Launched alongside the SACD 30n disc/network player, the Model 30 amplifier marks a new departure for the Japanese brand – not only is the styling a throwback to the classic style of Marantz products of half a century ago, albeit channelled through a modern look (if that makes any sense), but the duo also brought with it a new corporate identity: the old ‘Because Music Matters’ line has been sidelined, if not dropped completely, and we’re told the 30 Series epitomises ‘Modern Musical Luxury’.
But as marketing doesn’t make the music, what do we have here? Well, while clearly influenced by the flagship SA-10, from which some of its technology has been trickled down, this very different-looking Marantz integrated amplifier is designed to combine performance and designer appeal – which, provided you like the new look, with its hint of a smaller amplifier slid inside a larger housing thanks to that split front panel, and a design built to ‘replicate the sensitivity and feel of a vintage analogue amplifier’, is a trick it pulls off with great success. For all the very deliberate retro hints, including a modern take on the classic Marantz ‘porthole’ display and a symmetrical layout of controls, the secret of the Model 30’s success is something much more fundamental – the company has kept this amplifier simple, and built it to perform with all the amp knowledge at its disposal.
Going against the trend to include network streaming, Bluetooth and more, this is an all-analogue integrated amplifier, its only digital circuitry being there to provide remote control. That fits in with the wide-ranging capabilities of the partnering SACD 30n player, meaning functions aren’t duplicated, but also allows the Marantz engineers to strip back the design, building the Model 30 as a two-stage design, with separate preamp and power amp sections, each optimised to its function.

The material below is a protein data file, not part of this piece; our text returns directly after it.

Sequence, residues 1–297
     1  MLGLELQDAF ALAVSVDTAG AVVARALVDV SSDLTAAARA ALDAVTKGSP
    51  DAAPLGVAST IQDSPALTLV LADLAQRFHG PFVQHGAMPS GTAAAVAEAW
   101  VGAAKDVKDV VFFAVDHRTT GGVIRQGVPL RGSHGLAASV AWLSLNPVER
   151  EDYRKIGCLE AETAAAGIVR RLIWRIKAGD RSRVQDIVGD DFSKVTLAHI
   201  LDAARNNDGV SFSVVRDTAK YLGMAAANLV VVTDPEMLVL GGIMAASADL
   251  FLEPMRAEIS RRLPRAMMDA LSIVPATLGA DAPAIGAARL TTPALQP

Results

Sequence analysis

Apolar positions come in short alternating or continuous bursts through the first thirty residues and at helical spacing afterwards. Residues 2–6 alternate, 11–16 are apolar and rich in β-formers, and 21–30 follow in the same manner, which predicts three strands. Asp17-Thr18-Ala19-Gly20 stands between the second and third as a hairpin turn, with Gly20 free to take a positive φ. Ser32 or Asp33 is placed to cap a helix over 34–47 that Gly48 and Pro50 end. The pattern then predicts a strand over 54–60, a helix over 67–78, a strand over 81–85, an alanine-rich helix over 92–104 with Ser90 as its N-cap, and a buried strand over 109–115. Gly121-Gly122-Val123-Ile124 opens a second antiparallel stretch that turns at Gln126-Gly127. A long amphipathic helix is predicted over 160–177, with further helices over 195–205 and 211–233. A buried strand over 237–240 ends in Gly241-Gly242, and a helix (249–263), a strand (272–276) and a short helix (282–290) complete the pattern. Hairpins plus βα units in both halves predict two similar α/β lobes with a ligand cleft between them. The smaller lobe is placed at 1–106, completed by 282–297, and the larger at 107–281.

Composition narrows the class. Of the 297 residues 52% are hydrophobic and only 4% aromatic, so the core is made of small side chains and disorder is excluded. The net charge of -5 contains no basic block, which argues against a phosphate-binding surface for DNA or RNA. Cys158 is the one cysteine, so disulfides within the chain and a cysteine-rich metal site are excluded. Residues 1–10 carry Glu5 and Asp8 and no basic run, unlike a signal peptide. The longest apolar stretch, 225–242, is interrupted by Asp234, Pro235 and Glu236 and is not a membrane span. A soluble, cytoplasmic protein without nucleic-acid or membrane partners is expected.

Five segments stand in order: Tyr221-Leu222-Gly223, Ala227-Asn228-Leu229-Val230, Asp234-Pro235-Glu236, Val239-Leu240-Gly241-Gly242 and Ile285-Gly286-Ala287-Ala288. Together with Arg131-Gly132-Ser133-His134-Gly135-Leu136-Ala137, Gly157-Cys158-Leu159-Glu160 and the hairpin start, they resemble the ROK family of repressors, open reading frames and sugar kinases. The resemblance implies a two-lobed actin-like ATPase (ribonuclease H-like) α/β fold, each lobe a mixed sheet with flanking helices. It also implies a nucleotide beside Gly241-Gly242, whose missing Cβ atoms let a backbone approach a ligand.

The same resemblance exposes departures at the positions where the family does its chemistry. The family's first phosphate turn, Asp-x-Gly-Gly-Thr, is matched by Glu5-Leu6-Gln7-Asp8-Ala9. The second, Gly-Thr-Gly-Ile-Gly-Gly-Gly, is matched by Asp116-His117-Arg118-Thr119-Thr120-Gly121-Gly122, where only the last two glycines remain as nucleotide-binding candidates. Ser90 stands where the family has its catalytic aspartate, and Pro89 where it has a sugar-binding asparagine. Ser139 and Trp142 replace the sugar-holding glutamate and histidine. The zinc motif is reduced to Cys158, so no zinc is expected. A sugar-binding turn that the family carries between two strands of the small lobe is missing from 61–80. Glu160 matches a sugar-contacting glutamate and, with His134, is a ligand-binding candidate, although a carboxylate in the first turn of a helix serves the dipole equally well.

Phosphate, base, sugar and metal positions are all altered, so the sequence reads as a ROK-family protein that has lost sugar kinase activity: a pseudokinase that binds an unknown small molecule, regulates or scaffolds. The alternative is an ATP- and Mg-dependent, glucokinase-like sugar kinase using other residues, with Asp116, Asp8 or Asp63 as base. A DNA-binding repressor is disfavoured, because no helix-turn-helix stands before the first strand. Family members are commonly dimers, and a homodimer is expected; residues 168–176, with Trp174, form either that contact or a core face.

That minimises interference between the two, and allows the incorporation of facilities such as the in-house-designed ‘Marantz Musical Premium Phono EQ stage’ for use with record players. Far from the nod to the ‘vinyl revival’ fashion one often finds in amps these days, this phono stage – derived from the SA-10 has been designed to keep the signal path for the delicate phono signals as clean as possible, and offers more adjustment than in common in integrated stages of this kind. It has switching for moving magnet and moving coil phono cartridges, the latter also having three-stage impedance switching for better matching. Also present and correct are the company’s fine-sounding ‘Hyper Dynamic Amplifier Modules’, built for audio speed and clarity.
The rest of the input section offers a dedicated CD input plus four more line-ins, plus direct connections for an external power amplifier and even a direct input to the amp’s power section, allowing plenty of set-up and upgrading flexibility. Bass, treble and balance controls, subtle in their action, are provided, while the volume adjustment uses the same combination of ‘Analogue-feel Volume Control’ and Marantz-designed electric volume control to combine that retro impression with a low-loss adjustments, maintaining detail and stereo imaging.
With a 100W per channel power output, rising to 200Wpc into tricky speaker loads, there’s no denying that the Model 30 has plenty of power on hand to deal not just with demanding speakers, but also the dynamics of music. And it demonstrates that with a big, solid, dramatic presentation of music able to grip the listener from the off, allied to that usual Marantz trait of a sound that seems so easygoing, but is actually delivering a superb insight into the recordings being played.